While admittedly daunting, Dickens' timeless A Christmas Carol is also about having fun for Sanjay Talwar

    1 of 2 2 of 2

      Want to get our stories Straight to your inbox (see what we did there)? Sign up for our newsletter here.

      Considering he’s acted everywhere from the Shaw and Stratford festivals to Zach Snyder’s big-budget remake of Dawn of the Dead, it says something that Sanjay Talwar finds his role in Blue Bridge Theatre’s A Christmas Carol somewhat daunting. 

      “It really helps keep you in the moment,” the Toronto stage and screen veteran says, talking to the Straight from Victoria. “Because, if you think of all the things that you have to do, it will freeze you with panic.”

      There’s a reason staying focussed is a little more important than usual: Talwar plays every role—somewhere around 40—in the adaptation of Charles Dickens’ most famous work. That means bouncing from Ebenezer Scrooge to Jacob Marley to Tiny Tim to The Ghost of Christmas Past, and, even, to the London street urchin who ends up fetching an extra-plump turkey for Bob Cratchet.

      This isn’t Talwar's first time appearing in the Christmas classic.

      “I’d studiously managed, up until about 2018, to enjoy A Christmas Carol but never perform it in any way shape, or form,” he says with a laugh. “The opportunity never presented itself. And I wondered, with so many productions going on, how I’d managed to not ever get cast in it.”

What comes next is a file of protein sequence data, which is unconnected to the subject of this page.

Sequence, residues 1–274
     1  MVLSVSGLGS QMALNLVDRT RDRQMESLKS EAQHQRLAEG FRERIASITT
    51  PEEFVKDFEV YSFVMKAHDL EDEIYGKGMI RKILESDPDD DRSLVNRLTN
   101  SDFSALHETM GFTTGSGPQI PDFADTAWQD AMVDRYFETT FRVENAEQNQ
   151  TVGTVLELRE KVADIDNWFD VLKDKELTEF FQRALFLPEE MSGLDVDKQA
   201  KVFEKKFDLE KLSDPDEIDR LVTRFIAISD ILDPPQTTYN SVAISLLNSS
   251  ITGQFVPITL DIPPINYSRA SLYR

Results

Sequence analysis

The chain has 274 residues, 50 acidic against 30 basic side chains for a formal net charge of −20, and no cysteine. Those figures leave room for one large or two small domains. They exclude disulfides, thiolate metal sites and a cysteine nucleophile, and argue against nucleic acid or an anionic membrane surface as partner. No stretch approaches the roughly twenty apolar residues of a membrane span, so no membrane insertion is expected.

That changed a half-decade ago when he was called on to play The Ghost of Christmas Present for a Shaw Festival run of shows. There was, he acknowledges, a learning curve. 

      “It was my first exposure to actually doing the play on-stage,” Talwar says. “And that was a lot of fun, although I had to learn how to roller-skate for it—I’d never been on roller-skates in my life before that, which was fine because we didn’t want him too look too proficient.”

      Blue Bridge came up with the idea for a one-man production in 2020. When he first considering taking on the role, Talwar thought—perhaps naively­—that the job was one he was already prepared for.

      “I’ve done a bunch of plays where I've had to do more than one character,” he notes. “So it was like, well, this shouldn’t be too different.”

      Except, as quickly became clear, it was.

      “The exercise of learning the story as well as I can was, in of itself, a real task,” the actor reflects. “But where it hit me was that the longest one-person piece I’ve ever done was a 17-minute piece for an arts festival a thousand years ago. The thing that always gets me is that you’ve got no backup. If your brain goes to blue screen and you have no idea where you are or what you’re doing, there isn’t that helpful team partner to go ‘What about this.....?’ So you have to embrace the fact that, whatever mess you get yourself into, you have to get yourself out of it. And then it just becomes about keeping the story going.”

      What makes this outside-the-box version of A Christmas Carol work, Talwar says, is that it relies heavily on making a connection with the audience—challenging as it’s basically him sitting by the fire in a faithfully recreated Victorian parlour.